8. THANK you! I’ve been telling people about Sherrybaby and their eyes simply glaze over. Cretins.
    I was not a fan of the Spiderman movies. They were timepass but Kiki Dunst and Tobey Maguire do not make it for me. At all. But I’m with you on the XMen movies and the Killer Mutant Teddy Bears ๐Ÿ˜€ But I honestly think, if the expectations don’t crush him, the third time could could work for this franchise. But no Gyllenhaal in the next one ๐Ÿ˜ฆ

    Sagarika – Secretary is small, weird and fabulous. It was also the last time James Spader was hot.

  9. I know, most people don’t even seem to know about that movie. Sometimes, being in a blockbuster or two is what it takes for people to notice you, and therefore your indie work. If Sherrybaby had been released later this year, I wouldn’t have been too surprised if she had gotten an Oscar nod.

    You know, I wonder if Nolan and the studio would have the guts to make a non-action superhero movie. Where one of the characters can leap tall buildings in a single bound, but the situation is such that it doesn’t demand that.

    I know I already got my wish with Unbreakable, but I’d like to see Nolan do something like that.


  10. Wandered over fron Rangan’s archives. There was something surreal about Heath in that nurse uniform trundling down the road playing with the remote to an explosive. I’ve been trying to put my finger on it and failing miserably. Probably just a case of acting elevating the words off a page.

    The villainy is so ridiculous (in a good way), that not just Nolan, but the character see’s itself as a plot device. “I’m an agent of chaos” – he just see’s himself as some sort of facilitator, keeping things interesting. There’s a story about an abusive parent and one about an insensitive spouse offered as the source to the facial scars so he’s possibly lying about both. I liked that the movie offers nothing in the form of placation for his actions making him a pure plot pusher. It is to Ledger’s credit that he doesn’t leverage that to chew up the Chicago scenery.

  11. Clearly, Heath Ledger took what was a well-written role and made it a superbly acted one. Like you said, he’s written at one level as a plot device, a sort of nemesis that haunts the heroes at every turn somehow or the other. But all those little quirks that the writing and his acting invest in the character make him real to us.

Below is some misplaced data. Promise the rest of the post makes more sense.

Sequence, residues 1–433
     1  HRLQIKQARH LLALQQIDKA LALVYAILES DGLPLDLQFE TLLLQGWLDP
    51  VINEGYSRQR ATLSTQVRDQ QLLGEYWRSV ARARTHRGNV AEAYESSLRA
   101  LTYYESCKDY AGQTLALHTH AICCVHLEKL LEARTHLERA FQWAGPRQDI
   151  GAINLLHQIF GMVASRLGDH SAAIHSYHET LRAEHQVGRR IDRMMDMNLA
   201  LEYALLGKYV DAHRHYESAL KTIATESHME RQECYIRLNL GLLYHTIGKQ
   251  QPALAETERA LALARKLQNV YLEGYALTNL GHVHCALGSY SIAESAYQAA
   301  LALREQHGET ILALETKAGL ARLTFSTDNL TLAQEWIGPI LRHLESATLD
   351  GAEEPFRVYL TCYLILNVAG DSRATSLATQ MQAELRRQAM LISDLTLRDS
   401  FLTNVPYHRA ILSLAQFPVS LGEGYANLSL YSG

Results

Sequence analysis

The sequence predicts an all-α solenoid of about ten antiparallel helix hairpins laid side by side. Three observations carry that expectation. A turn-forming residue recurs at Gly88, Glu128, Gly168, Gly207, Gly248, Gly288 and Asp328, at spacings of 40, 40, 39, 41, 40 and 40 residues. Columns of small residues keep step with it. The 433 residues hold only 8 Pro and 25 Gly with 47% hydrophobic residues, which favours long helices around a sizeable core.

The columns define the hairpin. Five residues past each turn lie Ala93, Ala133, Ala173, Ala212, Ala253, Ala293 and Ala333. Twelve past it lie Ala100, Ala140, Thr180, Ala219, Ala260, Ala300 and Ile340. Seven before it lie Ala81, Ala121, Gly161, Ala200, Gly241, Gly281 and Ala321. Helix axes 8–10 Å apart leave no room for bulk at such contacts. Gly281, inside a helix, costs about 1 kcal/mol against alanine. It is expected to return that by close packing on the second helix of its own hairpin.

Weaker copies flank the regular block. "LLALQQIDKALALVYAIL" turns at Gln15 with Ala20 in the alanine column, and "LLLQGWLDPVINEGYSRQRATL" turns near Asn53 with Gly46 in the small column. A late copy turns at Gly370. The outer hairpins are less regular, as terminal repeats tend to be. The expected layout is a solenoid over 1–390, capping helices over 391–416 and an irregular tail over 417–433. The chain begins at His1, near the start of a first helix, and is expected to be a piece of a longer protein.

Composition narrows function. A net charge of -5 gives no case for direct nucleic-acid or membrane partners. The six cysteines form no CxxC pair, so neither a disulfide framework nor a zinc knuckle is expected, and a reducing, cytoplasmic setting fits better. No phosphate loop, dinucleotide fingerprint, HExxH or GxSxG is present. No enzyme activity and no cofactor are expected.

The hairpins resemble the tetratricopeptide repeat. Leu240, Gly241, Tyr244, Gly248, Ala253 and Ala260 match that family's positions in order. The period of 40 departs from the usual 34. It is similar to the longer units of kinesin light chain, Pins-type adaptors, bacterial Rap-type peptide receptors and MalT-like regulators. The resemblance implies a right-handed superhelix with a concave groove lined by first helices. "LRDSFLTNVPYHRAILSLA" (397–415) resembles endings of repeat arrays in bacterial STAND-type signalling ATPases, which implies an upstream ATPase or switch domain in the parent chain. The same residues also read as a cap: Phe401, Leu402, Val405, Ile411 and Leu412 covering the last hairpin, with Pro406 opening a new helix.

What makes it so interesting and scary is that the Joker is someone who is twisted, evil and psychopathic but also is clear-headed enough to see himself as he is. That is what makes him so scary — if he has a weakness, it is too well-hidden. All you see is what he chooses to let you see.

    The multiple contradicting stories he tells about his own scars, for instance — he sees them as an opportunity to pander to the pop-psychologist in people (while of course cutting them up), not as an opportunity to justify himself. Even his conversation with Dent in the hospital (which begins with a priceless mock-sympathetic “Hi” that brought the house down) isn’t him being honest about his motivations, but him manipulating Dent and twisting him to his will.

    I guess the joker also sees himself as a sort of joker, and his “performance” as the nurse was his way of expressing that side.


  12. BTW Since I didn’t explicitly state it before- great write-up. I’ve this weird idea brewing in my mind about hindu dialectic, the trinity and a analogy to Batman, Joker and Dent but it hasn’t vitrified yet. Your post helped move the idea along significantly.

    And thanks for mentioning Gyllenhall prominently. I’ve really liked everything I’ve seen her in ever since I first saw her in Donnie Darko, except Mona Lisa Smile.

  13. Thank you!

    I like your idea — it sounds pretty interesting. Will await your post on this.

    I thought Gyllenhaal was one of the few watchable things in Mona Lisa Smile — she had more sass than the rest of the cast put together. And considering that the cast included Julia Roberts and Julia Stiles, both of whom have a nice line in sass, that was something.

    Donnie Darko, on the other hand, didn’t work for me. Somehow, I never really got what the movie was about.


  14. If I had to to a one word review of Donnie Darko it would have to be “Futility” – as exemplified by Gary Jules’ lines from Mad World (which is part of the soundtrack):

    ” I find I kind of funny, I find it kind of sad
    The dreams in which Iโ€™m dying are the best Iโ€™ve ever had
    I find it hard to tell you, I find it hard to take
    When people run in circles its a very very Mad world ”

    Yea, I’d say that movie was a bit of a downer ๐Ÿ™‚ .